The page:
Is it time for governments to tax marijuana?
Mayors from eight B.C. communities have joined together to lobby the provincial government to regulate and tax marijuana as part of a strategy to make communities safer, boosting revenues at the same time.
In their letter, the mayors argue prohibition has led to large-scale grow-ops, increased organized crime, ongoing gang violence, and larger police budgets. And they're not alone.
Across the border, Massachusetts legislators are debating a bill that would legalize, regulate and tax the commercial production of marijuana. Colorado and Washington will vote on marijuana legalization initiatives later this year.
Many see this as a win-win for taxpayers: Less money going into the bloated prison system for drug offenders and a new tax coming into public coffers for other worthy projects.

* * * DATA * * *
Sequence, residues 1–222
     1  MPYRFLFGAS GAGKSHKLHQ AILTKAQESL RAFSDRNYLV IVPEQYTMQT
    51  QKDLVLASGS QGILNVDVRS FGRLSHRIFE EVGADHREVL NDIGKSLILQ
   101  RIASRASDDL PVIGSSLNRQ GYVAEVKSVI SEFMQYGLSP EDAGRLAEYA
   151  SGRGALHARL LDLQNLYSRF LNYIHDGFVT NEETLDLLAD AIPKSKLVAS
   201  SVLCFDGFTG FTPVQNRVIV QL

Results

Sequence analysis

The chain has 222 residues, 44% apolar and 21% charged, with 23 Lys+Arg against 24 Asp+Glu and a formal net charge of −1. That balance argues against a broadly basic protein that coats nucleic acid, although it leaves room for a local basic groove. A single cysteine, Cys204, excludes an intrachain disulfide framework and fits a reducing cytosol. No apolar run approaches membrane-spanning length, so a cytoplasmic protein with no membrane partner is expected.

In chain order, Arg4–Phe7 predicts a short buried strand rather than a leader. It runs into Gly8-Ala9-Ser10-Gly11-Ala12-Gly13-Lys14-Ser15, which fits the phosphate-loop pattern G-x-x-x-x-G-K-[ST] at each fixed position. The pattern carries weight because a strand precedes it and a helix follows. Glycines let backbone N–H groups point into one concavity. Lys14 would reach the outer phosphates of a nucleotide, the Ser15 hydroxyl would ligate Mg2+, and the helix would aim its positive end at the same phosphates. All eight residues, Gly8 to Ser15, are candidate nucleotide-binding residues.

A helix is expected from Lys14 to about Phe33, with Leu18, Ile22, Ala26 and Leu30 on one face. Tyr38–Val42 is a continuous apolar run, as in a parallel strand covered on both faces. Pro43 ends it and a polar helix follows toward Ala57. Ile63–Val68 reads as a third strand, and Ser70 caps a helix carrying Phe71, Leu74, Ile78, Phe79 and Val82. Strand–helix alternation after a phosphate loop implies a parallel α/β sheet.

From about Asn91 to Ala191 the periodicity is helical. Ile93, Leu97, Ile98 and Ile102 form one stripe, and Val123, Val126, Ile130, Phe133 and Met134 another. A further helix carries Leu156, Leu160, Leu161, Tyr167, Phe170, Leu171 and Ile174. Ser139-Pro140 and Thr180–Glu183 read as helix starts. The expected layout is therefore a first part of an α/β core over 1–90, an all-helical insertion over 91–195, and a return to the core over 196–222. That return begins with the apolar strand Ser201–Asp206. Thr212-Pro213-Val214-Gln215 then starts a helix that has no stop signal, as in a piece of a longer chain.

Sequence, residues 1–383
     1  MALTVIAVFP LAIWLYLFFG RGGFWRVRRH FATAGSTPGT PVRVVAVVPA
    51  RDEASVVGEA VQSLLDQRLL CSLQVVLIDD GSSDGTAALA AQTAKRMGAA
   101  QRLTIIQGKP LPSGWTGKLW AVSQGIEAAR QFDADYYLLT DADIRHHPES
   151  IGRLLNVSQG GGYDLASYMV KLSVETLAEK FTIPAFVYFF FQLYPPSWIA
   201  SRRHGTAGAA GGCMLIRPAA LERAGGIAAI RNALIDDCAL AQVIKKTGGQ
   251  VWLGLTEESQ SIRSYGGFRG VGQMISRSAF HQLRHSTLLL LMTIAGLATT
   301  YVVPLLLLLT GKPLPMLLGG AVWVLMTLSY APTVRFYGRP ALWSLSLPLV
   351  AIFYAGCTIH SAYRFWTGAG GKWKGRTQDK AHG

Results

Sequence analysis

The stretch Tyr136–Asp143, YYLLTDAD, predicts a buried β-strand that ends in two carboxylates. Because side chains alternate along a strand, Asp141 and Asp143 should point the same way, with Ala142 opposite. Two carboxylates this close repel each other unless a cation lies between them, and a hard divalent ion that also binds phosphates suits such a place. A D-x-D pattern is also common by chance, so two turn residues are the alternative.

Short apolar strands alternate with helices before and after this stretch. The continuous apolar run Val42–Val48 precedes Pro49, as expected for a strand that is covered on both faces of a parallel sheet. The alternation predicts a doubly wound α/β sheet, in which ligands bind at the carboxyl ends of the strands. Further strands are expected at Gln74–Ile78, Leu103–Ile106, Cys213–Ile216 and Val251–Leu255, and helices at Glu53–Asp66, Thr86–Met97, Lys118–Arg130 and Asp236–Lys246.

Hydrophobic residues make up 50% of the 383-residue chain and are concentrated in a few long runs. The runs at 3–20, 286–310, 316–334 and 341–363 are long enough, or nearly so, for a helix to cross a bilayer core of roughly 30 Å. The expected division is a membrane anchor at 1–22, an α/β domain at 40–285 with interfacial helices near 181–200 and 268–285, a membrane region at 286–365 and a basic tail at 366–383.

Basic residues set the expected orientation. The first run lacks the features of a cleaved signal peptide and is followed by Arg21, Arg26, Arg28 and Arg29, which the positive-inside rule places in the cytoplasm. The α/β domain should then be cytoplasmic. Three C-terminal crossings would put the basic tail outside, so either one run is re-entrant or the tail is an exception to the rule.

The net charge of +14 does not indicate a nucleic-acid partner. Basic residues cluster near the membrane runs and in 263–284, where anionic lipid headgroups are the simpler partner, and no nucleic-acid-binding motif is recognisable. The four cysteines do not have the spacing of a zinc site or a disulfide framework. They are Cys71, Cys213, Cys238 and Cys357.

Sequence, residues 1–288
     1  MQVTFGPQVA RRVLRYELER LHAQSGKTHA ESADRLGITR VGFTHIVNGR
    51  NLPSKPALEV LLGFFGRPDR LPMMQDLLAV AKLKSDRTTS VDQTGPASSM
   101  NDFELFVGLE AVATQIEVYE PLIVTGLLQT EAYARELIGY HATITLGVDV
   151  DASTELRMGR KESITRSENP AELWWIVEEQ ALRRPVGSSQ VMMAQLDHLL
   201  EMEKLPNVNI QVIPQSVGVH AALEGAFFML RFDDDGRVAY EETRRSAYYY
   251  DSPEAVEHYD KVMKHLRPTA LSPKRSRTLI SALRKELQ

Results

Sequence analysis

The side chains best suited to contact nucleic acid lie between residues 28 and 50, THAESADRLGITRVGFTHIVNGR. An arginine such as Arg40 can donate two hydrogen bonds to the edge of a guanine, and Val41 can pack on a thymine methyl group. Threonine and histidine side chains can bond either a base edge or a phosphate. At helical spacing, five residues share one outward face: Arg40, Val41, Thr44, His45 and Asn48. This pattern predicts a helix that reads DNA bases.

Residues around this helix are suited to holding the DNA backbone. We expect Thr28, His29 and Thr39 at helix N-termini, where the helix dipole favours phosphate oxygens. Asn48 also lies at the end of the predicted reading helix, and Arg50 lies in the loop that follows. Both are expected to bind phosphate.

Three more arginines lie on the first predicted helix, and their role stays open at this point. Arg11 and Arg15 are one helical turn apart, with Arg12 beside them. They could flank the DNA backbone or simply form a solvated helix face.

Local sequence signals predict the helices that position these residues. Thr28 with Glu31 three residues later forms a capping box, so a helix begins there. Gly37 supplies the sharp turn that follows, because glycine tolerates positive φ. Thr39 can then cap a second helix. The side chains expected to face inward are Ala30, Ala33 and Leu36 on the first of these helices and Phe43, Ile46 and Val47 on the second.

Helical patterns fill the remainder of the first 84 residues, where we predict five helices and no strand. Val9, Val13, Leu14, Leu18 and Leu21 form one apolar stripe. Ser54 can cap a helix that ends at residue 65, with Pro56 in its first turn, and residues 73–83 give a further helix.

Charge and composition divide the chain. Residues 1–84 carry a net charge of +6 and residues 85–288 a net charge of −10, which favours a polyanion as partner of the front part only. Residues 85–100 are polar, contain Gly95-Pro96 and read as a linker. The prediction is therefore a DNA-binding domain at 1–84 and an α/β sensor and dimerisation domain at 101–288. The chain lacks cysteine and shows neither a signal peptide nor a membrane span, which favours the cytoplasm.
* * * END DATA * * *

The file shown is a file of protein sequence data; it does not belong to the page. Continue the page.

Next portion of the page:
Governments could issue and collect fees for licenses for cultivation, processing, retail sale, and research from farmer-processor-retailers, the economic argument goes.
Past studies estimate that B.C.’s marijuana industry is worth as much as $7-billion per year — making it the province’s largest cash crop, pretty much all of it underground.
"By keeping it illegal, the government is losing out on $2-billion in tax revenues in that province alone. But when one considers that Ontario and Quebec also produce large quantities of marijuana, it becomes clear that, if the industry was legalized, it could become a significant source of revenue," writes Jesse Lines in the National Post.
And many of the folks on this forum see things the same way. But, to tax it, you have to legalize it. Or at least decriminalize it. And that doesn't sit well with those who worry about the slippery slope.
Would it be sold commercially? What would be the age limit for consumption? What, if anything, could be done to prevent Canada from becoming even more of black market for the U.S.?
Do you agree? Is is time to institute a cannabis tax?
By Gordon Powers, MSN Money